Every eCommerce site requires two essentials: content and customers. In this first post of my two-part eCommerce series, I will focus on the customer-half of the equation. Let’s face it: you can have all the content in the world but if nobody is buying, then half the equation is zero, and anything times zero equals—you guessed it—goose egg.
I have been involved in eCommerce since 1999, on the customer-side, shopping on various sites, and on the production-side, working as a Program Manager for the Department of Defense on DOD EMALL. I was the one who simultaneously marveled at how browsing virtual bookshelves made finding an interesting read a snap, and stayed awake at night wondering when I would be reporting rising sales figures by the day or week, instead of month.
The DOD EMALL started off with good content: 4 million DOD-stocked items (a mixture of commercial material and spare parts for vehicles, aircraft and ships) as well as several solid commercial catalogs from large companies like 3M. What the DOD EMALL didn’t have, however, was customers. The US Government is notoriously slow to adopt new technologies, procedures and techniques and in 1999 eCommerce was no exception. Unlike the closest thing to DOD EMALL at the time; Amazon.com; what DOD EMALL didn’t have was a sense of how to make a positive customer experience.
Here are three things I learned from those early days that can still be applied to any eCommerce entity today. Believe it or not, these same mistakes—after well over a decade—are still being made. In fact, an eCommerce experience that I had this past weekend inspired me to write this post. So, consider these three eCommerce-don’ts when you’re laying out plans to start an eCommerce website or to improve the eCommerce site that you have already.
- You ignore system performance. Spending time and money on fine tuning your website’s performance is time and money well spent. If you’re lucky enough to have that customer visit your website, don’t lose your chance with them. Consumers are loath to visit sites plagued by slow searches, a lengthy process to add items to their shopping cart, and spinning progress indicators during the final submission of orders that seem to have no intention of stopping. Even if the customer endures your site long enough to complete the transaction, they’re likely to associate the negative buying experience with your brand and they’re not likely to return.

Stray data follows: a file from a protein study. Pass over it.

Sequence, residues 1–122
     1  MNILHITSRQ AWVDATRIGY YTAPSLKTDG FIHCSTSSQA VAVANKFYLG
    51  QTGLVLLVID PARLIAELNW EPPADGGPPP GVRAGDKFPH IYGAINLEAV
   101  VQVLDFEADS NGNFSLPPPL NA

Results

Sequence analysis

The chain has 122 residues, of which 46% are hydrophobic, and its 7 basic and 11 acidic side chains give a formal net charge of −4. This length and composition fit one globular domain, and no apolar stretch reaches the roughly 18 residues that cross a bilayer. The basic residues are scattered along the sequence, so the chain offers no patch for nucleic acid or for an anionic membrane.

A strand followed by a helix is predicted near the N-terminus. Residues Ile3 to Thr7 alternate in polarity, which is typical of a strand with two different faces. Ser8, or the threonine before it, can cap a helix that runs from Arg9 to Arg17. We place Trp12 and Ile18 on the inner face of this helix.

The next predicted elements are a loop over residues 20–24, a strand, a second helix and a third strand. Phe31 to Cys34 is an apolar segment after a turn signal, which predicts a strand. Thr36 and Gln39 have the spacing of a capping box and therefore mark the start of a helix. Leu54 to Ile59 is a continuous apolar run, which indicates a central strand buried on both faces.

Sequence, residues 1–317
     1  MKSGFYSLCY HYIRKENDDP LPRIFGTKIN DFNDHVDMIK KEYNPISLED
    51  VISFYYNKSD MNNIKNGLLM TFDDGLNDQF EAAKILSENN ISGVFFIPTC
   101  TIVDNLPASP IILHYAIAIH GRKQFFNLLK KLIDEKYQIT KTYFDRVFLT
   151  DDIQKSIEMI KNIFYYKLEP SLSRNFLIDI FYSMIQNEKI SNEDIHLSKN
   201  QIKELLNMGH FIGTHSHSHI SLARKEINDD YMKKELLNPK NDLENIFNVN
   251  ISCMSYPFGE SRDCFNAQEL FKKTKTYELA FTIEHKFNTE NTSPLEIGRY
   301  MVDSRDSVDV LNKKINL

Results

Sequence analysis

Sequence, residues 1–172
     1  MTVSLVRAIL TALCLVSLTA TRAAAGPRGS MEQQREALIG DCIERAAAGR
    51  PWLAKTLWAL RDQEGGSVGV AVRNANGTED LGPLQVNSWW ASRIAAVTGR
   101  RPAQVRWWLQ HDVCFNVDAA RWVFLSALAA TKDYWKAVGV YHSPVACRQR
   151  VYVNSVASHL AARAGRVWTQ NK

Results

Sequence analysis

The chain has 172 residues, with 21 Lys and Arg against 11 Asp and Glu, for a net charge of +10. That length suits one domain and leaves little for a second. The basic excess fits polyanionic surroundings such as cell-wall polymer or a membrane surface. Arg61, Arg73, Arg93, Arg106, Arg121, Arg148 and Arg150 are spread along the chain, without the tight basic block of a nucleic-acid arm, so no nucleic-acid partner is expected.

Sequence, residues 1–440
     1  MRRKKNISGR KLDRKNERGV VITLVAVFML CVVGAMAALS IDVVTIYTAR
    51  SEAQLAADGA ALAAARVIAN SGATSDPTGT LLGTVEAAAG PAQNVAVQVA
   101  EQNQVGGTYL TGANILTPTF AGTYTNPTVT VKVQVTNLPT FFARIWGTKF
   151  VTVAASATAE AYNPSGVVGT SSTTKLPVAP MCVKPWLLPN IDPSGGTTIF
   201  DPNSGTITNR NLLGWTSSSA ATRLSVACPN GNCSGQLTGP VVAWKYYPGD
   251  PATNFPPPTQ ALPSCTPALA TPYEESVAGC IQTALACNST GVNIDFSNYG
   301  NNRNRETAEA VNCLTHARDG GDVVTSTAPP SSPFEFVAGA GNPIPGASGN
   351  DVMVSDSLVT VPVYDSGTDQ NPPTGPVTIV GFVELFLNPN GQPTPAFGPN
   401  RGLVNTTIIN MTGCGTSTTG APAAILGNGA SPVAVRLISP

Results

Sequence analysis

- You allow combinations that don’t work. For instance, if a customer attempts to mix a payment form with a promotion code that you aren’t going to allow, tell them at the time they attempt to do it that they must choose another option and make it obvious what their choices are. Live validation with helpful on-screen feedback will educate the user about your processes and prevent them from getting frustrated.
- You show items as available that are not actually available. Move that information right up front to your catalog searching results. Let the customer decide if they are willing to wait for an item before they get all excited about it. Most eCommerce websites pass the shopper into an order processing module once a customer indicates they are ready to checkout. If your design won’t let you check on item availability until this step, then at least make it simple for the customer to return to the shopping area to find an alternative. But it’s far better for your customer if you give them the information up front.
So, are you guilty of any of these eCommerce-don’ts? The benefits of online shopping for the consumer are huge, but creating a positive experience for our shoppers just sweetens the deal. I’m happy to share a few of the pointers that I’ve learned along the way. Share the eCommerce-don’ts that you’ve learned from your own experience in the comments section below or join us in the DOD EMALL Discussion Group – Unofficial on LinkedIn to trade more ideas.
This is the first in my two-part eCommerce series. Be sure to check out the second installment Four eCommerce Content Do’s.